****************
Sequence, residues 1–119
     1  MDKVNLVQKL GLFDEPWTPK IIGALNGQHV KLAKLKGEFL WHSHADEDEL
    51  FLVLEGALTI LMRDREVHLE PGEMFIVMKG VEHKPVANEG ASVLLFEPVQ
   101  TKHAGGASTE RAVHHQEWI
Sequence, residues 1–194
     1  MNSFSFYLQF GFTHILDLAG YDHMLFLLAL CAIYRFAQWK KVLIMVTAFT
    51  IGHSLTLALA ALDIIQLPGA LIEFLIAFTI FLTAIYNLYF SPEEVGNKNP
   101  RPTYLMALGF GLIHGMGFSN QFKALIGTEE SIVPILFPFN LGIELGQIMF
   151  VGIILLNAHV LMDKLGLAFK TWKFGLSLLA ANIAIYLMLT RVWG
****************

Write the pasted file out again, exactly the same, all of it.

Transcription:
Sequence, residues 1–119
     1  MDKVNLVQKL GLFDEPWTPK IIGALNGQHV KLAKLKGEFL WHSHADEDEL
    51  FLVLEGALTI LMRDREVHLE PGEMFIVMKG VEHKPVANEG ASVLLFEPVQ
   101  TKHAGGASTE RAVHHQEWI
Sequence, residues 1–194
     1  MNSFSFYLQF GFTHILDLAG YDHMLFLLAL CAIYRFAQWK KVLIMVTAFT
    51  IGHSLTLALA ALDIIQLPGA LIEFLIAFTI FLTAIYNLYF SPEEVGNKNP
   101  RPTYLMALGF GLIHGMGFSN QFKALIGTEE SIVPILFPFN LGIELGQIMF
   151  VGIILLNAHV LMDKLGLAFK TWKFGLSLLA ANIAIYLMLT RVWG